My Uncle Tommy and his lung

Just how dumbed-down does a dumbed-down advertising campaign have to be before it gets its message home to dumbed-down people ?

Take for instance the new Health Ministry campaign for awareness of lung cancer launched today, full details here, which offers the advice that a persistent cough could be a sign of lung cancer, “persistent” meaning a cough that lasts for more than three weeks.

Now I’m no medical person but I’m fairly sure that a persistent cough could be one of several other things long before the medical staff would consider that it might be lung cancer, it might be just a persistent cough for instance, just a thought.

My Uncle Tommy had lung cancer when he died, its probably fair to say that he died from lung cancer, in fact I once overheard my cousin mention to someone that his death certificate mentioned a lung carcinoma so thats pretty much nailed on that he died from a lung cancer or to put it another way if he didn’t have lung cancer he probably wouldn’t have died when he did.

This was back in the late 1960s, he smoked a lot, he smoked an awful lot of cigarettes actually, and he was a decorator for the council and so probably breathed in an awful lot of fumes from paint that may not have been as decorator-friendly as paint is today, if you were going to put your money on a person who might contract lung cancer then you’d probably go for an asbestos factory worker first, and then my Uncle Tommy.

When he was diagnosed the treatment plan was pretty simple and easily explained as thus – “We either do nothing, or we take one of your lungs out” and so, with his only daughter planning her wedding for later that year he opted for the radical solution, take out the most badly affected lung and leave behind the other one that also had lung cancer, but not so much – right from the start it was just a temporary respite to get him to live long enough to see his daughter get married.

And he did, later that year after what always appeared to be a very painful procedure with constant after-effects, he very slowly and very carefully walked his daughter down the aisle and gave her away in the manner of a very brave father, then he very slowly and very carefully went home and died a few weeks later.

I was 11 years of age in the year that my cousin got married and my Uncle Tommy died from lung cancer after having a lung removed and living the last six months of his life in constant pain, he couldn’t walk very far, had trouble breathing, rarely strayed beyond his armchair or a stool in the kitchen – he had a stool against the kitchen wall to one side of the huge refrigerator in their kitchen that he would sit at, the posture of sitting straight backed against the wall seemed to bring him some respite and occasionally that summer I’d ride my bike to their house for want of something to do and I’d walk in the back door and not see him behind the fridge until he whispered my name and I’d walk towards him while he held one finger to his lips to “shush” me and then point into the hallway, “Phyllis is on the party line again” he’d whisper and we’d both sit there in the kitchen in silence while my Auntie Phyllis sat at the bottom of the stairs with the phone pressed to her ear and her hand on the receiver so that one of her neighbours who was using the single telephone line out of their district chatted to one of her family – she was never off that party line wasn’t my nosy Auntie Phyllis.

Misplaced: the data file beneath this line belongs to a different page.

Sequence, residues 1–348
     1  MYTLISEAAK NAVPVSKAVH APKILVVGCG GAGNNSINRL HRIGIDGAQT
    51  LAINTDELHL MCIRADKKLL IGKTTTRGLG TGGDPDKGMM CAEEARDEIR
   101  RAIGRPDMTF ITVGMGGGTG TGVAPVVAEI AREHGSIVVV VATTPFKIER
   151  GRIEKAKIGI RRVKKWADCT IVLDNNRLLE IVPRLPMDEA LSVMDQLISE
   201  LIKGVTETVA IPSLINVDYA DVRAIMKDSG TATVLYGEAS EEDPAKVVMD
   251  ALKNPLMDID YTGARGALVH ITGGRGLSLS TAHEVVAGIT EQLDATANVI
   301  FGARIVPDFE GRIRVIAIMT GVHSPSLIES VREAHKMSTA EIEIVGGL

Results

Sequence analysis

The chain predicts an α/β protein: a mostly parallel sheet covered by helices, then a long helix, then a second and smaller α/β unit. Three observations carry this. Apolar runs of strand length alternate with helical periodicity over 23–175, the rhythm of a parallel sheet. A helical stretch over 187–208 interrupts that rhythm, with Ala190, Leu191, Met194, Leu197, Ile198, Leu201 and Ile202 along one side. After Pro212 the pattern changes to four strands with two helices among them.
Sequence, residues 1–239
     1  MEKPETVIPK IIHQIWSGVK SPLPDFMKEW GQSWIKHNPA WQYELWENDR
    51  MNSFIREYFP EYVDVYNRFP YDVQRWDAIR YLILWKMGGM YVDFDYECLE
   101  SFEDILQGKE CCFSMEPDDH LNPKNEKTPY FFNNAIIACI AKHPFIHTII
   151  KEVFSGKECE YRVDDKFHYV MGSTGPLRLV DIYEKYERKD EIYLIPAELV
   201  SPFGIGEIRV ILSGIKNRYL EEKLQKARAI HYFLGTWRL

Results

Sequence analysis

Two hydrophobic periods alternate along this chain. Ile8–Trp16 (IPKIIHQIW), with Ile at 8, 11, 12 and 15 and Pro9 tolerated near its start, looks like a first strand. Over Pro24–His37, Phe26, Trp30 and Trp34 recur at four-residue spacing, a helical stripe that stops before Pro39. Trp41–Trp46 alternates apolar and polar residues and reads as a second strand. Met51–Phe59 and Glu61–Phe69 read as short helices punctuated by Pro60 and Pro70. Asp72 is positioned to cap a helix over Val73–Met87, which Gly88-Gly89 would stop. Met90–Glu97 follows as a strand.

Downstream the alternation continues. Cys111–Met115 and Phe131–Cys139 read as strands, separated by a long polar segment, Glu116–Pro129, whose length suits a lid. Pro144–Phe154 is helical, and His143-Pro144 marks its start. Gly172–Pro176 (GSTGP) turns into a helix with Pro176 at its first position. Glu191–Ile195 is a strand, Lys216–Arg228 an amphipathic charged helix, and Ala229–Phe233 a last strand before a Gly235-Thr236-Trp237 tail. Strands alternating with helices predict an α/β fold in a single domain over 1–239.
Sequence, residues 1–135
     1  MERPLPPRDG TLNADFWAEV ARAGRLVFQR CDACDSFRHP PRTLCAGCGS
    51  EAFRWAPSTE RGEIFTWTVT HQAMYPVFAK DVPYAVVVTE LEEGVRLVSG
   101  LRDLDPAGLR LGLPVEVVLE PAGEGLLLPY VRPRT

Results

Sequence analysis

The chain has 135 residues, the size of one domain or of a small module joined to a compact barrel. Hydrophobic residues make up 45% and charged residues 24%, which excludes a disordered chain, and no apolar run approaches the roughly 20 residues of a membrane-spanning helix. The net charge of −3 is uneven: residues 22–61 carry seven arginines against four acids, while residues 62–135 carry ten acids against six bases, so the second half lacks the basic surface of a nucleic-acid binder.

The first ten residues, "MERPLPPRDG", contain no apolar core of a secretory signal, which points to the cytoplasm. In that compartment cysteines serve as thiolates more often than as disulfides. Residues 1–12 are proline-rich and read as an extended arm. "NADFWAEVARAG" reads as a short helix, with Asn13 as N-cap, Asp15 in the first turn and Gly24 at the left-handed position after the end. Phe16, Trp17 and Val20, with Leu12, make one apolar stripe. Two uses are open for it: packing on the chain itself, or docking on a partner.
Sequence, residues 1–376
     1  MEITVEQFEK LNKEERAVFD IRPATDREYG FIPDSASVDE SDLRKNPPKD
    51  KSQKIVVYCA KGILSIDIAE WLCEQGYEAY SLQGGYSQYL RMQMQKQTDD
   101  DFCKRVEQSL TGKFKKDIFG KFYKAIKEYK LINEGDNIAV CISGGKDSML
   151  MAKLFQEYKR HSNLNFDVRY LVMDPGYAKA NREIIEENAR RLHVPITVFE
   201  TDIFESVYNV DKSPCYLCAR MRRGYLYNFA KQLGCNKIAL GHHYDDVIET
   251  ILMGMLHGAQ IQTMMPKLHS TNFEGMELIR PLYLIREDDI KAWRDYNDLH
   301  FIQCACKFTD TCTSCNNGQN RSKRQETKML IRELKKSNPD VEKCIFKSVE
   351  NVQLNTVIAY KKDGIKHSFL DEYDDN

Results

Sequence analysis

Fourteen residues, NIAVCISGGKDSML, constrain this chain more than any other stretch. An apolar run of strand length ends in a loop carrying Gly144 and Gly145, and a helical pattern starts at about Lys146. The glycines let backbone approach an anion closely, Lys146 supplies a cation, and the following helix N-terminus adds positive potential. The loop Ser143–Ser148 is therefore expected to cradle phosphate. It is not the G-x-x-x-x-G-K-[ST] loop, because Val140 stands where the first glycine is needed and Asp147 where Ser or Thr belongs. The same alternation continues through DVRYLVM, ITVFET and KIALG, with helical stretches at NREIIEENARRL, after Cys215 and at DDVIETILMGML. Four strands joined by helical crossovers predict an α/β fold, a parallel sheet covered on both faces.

Watching my uncle Tommy change from a happy-go-lucky painter and decorator who was always up for a joke and a laugh to someone who always seemed to be clutching his ribs in pain and could barely draw enough breath to whisper to you, was enough to convince the 11 year old me that this smoking lark wasn’t really a good lifestyle choice and possibly completely by coincidence it was around that time that our dad stopped sending me and Ned to the shop for his Gold Leaf cigarettes too.

Works wonders for health education does having a relative die painfully from a preventable disease.

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